Putting the clocks back damages our health

More evening daylight could help everyone do the recommended daily hour of exercise in winter…

Clock - News - Marie Claire
Clock - News - Marie Claire
(Image credit: Rex Features)

More evening daylight could help everyone do the recommended daily hour of exercise in winter…

Not putting the clocks back would help people exercise more and stay healthier, says an expert.

Dr Mayer Hillman, a public policy specialist at the Policy Studies Institute wants the UK to keep British Summer Time in winter. He suggests being two hours ahead of Greenwich Mean Time in spring.

Recent surveys show a trend towards declining fitness in the UK and predictions that more than half the population will be clinically obese by 2050. Dr Hillman says that the extra hour of evening daylight would give everyone more opportunities to be active outdoors, and help us become fitter and healthier.

‘The common reaction to the prospect of less daylight and sunlight when the clocks are put back at the end of October - signalling as it does the end of outdoor activity and the onset of a largely indoor leisure life - is a negative one,’ Dr Hillman writes.

‘The additional hours of daylight would considerably increase opportunities for outdoor leisure activities: about 300 more for adults and 200 more for children each year, given typical daily patterns of activity.’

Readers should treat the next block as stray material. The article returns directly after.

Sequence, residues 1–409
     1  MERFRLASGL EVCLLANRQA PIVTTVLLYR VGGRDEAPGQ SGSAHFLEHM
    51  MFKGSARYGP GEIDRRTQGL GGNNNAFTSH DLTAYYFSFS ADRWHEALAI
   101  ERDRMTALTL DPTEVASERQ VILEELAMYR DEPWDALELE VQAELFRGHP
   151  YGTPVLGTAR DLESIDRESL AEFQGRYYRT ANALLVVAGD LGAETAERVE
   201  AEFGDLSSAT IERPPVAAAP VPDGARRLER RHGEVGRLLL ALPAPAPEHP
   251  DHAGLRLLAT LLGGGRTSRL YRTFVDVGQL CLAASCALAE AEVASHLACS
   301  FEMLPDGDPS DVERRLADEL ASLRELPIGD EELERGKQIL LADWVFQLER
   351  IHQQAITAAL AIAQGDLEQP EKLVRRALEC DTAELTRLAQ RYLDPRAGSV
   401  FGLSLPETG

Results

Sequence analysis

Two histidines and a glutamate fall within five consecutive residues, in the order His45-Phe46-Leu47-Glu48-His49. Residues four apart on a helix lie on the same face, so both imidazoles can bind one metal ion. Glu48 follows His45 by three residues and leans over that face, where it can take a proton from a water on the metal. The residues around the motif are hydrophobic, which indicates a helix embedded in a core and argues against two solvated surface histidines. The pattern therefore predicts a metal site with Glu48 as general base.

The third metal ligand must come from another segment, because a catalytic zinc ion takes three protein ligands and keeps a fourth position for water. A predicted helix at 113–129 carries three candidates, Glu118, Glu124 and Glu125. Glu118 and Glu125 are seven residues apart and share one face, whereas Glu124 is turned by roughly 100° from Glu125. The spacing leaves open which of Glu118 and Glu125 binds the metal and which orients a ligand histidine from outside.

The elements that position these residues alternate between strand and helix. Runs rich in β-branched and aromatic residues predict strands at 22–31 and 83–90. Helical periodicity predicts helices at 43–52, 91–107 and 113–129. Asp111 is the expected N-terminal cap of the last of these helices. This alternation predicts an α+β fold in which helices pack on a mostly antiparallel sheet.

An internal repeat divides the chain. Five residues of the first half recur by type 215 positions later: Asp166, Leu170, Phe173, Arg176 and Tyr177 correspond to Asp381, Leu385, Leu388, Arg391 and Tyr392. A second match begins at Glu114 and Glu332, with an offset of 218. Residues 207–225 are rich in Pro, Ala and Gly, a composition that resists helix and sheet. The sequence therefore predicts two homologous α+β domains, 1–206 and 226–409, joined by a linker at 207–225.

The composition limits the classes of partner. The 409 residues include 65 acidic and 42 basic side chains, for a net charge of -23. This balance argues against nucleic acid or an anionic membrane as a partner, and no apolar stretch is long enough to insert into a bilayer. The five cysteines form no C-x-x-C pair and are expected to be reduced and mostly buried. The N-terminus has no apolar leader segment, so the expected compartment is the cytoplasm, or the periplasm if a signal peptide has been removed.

A Department of Health spokesperson said: ‘It is recommended that adults do 30 minutes of exercise five times a week and children do 60 minutes each day. There are lots of activities to do in the winter, like swimming, dance, using the gym, or taking up an indoor sport.’

British Summer Time was established in 1916 to give farmers more daylight hours to work in their fields. Scottish farmers, particularly, have always been opposed to changing the current set-up because they would have to deal with an extended period of morning darkness.

Dr David Lewis, a chartered psychologist who has done research into the effect of sunshine on our well-being, says there are arguments for both sides. ‘If people can be persuaded to get out more and exercise after school and work, they are more likely to do it if it's light, than if it's dark. But there is a danger that people leaving for work in the morning don't really wake up properly if it's not light.’

Campaign group Lighter Later argue that changing the clocks to Greenwich Mean Time (GMT) +1 in winter and GMT +2 in summer would have a wide-reaching impact. Up to 80,000 new jobs could be created in the tourist industry, as longer evenings would extend the tourist season and allow attractions to stay open for longer.

In Britain, up to 100 road deaths could be prevented annually they say, while 447,000 tonnes of CO2 pollution could be cut because people would be switching their lights on later, said campaigners.

What do you think - would you rather we held on to an extra hour of light in the evenings over the winter months?

Let us know your opinions below…


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